People that use social networks like Facebook are now collectively called the “Facebook nation.” These networks are changing our lives, including how we meet new friends, shop, and stay in touch with friends, relatives, and acquaintances. When people interact with the Facebook nation, they assume freedom of association and freedom of expression, but personal information is usually not protected. Citizens of the Facebook nation do not understand that they are the products that the companies are selling. The underlying economic goal of social networks, to monetize personal data, is invisible to the citizens, and most of them don’t understand or support it. In spite of this, most do not wish to go back to the time before such networks.
This book has three parts, in addition to a prologue (Part 1) and epilogue (Part 5): Part 2, “Privacy in the Age of Big Data”; Part 3, “The Rise of Facebook Nation”; and Part 4, “Total Information Awareness in Facebook Nation.” Each chapter--there are 14--contains its own comprehensive list of references.
Part 2 has three chapters that introduce privacy issues with social networks, smartphones, and big data. The author illustrates the pervasiveness of Facebook with stories of people addicted to using it. Third-party apps and the privacy problems created by them are discussed briefly. The author notes that most Facebook users are not vigilant about their Facebook privacy.
Many young users are stressed out because they compare their own photos on Facebook with those of others. It is also suggested that the younger citizens of the Facebook nation seem less informed, less literate, and more self-absorbed. Apps that invade personal privacy continue to be developed. Facebook is the biggest depository of photos in the world.
Facebook has recently developed an app called Photo Finder that scans photos available publicly. Smartphones and Facebook apps collect large amounts of personal information from their users, which is becoming an increasingly lucrative commodity. It can be analyzed, repackaged, and sold. Although most of us would like to keep our personal information private, it appears that it is no longer possible without suitable privacy protection laws enacted by governments.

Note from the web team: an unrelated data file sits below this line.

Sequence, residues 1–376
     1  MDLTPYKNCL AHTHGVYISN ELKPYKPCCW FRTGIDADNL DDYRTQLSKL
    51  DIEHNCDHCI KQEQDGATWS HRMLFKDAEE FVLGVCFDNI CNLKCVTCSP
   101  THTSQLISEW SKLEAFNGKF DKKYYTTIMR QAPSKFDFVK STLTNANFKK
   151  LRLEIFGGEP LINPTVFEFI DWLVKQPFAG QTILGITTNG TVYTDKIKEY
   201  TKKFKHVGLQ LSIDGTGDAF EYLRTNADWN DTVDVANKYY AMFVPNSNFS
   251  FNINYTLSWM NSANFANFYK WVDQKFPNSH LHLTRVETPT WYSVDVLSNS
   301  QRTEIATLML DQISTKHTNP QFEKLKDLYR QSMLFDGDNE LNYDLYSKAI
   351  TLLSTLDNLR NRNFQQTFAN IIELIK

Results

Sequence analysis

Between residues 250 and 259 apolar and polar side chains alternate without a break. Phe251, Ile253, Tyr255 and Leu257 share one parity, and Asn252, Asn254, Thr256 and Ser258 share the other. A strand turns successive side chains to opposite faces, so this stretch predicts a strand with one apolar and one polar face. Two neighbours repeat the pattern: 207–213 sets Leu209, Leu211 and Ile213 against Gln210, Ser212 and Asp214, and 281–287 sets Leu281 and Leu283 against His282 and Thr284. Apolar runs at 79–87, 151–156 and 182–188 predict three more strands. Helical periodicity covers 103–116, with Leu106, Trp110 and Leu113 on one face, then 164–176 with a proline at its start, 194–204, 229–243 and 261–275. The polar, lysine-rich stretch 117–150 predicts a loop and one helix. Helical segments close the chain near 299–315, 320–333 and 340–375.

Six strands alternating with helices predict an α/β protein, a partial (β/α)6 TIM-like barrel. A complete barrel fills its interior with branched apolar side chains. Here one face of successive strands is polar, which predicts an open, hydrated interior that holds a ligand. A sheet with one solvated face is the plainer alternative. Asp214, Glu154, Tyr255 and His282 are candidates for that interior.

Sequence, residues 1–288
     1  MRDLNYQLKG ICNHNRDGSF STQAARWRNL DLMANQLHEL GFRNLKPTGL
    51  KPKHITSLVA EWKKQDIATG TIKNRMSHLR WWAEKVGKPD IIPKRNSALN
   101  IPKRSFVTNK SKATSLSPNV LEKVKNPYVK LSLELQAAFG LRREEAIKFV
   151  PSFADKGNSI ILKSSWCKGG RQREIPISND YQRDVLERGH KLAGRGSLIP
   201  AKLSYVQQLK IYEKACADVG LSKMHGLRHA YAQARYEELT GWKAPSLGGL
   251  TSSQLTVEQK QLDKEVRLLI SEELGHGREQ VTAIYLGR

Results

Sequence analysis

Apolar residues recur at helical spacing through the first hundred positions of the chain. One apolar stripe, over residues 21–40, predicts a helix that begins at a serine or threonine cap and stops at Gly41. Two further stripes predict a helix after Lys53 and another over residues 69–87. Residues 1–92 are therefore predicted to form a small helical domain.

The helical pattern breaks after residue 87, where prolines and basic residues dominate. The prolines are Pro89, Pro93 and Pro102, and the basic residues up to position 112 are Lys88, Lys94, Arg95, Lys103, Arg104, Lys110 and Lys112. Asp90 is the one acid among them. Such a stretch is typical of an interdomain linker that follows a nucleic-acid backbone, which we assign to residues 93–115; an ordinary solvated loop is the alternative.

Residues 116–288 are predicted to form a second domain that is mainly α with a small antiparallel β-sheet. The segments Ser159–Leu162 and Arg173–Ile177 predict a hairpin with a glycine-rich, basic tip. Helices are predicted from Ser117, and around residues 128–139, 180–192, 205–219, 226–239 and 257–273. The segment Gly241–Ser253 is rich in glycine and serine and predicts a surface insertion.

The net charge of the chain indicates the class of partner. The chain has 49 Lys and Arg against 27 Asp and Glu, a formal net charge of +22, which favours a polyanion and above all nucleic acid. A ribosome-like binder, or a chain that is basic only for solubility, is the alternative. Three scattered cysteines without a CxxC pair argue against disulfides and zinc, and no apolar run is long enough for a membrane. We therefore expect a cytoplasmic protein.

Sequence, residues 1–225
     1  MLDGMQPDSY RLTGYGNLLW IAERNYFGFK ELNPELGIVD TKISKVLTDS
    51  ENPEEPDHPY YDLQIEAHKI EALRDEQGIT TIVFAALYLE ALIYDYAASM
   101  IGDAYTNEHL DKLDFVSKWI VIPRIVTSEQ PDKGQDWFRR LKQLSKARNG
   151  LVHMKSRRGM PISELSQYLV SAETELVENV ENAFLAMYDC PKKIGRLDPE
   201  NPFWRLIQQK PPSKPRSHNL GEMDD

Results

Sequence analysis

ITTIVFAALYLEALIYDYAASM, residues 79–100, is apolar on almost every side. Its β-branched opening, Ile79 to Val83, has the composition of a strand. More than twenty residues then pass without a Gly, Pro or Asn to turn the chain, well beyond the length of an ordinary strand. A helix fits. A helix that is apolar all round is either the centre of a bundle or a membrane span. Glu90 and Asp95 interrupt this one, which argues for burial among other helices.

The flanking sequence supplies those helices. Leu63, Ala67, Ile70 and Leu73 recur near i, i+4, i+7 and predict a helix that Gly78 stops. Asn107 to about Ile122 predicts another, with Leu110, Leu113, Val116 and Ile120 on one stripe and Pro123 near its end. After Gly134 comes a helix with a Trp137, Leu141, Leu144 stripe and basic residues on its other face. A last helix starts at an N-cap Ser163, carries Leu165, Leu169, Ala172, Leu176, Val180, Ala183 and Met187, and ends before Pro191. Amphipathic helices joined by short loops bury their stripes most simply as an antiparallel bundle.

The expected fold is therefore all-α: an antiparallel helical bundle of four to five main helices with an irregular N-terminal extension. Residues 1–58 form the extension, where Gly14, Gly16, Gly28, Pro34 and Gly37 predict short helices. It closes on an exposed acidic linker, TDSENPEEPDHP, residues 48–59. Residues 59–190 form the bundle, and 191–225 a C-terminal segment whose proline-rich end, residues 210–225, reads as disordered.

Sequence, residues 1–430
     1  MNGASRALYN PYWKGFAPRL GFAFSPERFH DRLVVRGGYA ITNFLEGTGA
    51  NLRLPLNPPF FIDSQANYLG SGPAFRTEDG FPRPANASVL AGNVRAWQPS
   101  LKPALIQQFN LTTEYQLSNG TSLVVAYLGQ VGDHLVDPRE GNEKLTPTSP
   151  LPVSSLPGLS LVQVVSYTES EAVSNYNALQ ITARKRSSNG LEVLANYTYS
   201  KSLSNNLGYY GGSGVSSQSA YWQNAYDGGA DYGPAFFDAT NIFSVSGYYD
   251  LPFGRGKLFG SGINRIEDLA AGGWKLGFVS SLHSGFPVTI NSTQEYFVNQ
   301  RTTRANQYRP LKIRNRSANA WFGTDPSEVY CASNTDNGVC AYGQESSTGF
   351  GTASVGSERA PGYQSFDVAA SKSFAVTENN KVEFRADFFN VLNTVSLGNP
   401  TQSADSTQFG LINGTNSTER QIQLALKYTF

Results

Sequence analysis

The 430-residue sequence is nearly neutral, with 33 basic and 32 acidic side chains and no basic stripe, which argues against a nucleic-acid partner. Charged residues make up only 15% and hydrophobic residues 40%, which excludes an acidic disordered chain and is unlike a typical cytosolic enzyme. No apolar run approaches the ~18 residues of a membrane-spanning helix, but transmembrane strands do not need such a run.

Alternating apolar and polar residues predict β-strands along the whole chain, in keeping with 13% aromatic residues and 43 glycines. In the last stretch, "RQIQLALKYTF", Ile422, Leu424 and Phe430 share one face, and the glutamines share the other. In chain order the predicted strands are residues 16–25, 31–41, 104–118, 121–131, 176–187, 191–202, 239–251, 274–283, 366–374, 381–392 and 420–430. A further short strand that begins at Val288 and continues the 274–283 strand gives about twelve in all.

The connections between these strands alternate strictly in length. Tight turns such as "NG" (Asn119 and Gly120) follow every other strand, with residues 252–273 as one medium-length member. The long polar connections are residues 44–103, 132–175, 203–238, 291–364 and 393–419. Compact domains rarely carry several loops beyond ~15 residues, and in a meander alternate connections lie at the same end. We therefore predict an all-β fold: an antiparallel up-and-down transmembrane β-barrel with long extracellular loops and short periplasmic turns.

Part 3 begins with a discussion of Twitter, an app that creates a world of immediacy. These technologies--Facebook posts and Twitter messages--combined with Google searches are even impacting world politics, demonstrated amply by the Arab Spring. The author notes that for Facebook, no activity is too big or too small. Algorithms examine all data to determine what each user is passionate about.
While huge amounts of data are being collected by enterprises like Google, Apple, and Carrier IQ, some companies have admitted that some of the data should not have been collected. The trustworthiness of information in the Facebook nation is discussed, with examples showing how Google Search may be sabotaged and how advertisements can propagate misinformation. The author gives a number of examples of misinformation on Facebook, Twitter, and YouTube.
Part 4 has three chapters. “Living in Facebook Nation” explores digital personalities and identities. The author suggests a number of steps to prevent identity theft and improve privacy on Facebook and Google, and notes that the Facebook nation is progressing toward “total information awareness” whether we like it or not.
The book is peppered with interesting tidbits that make it easy to read. It is not a technical book, and it is not clear who the book is aimed at, but any reader, technical or nontechnical, will benefit from reading it.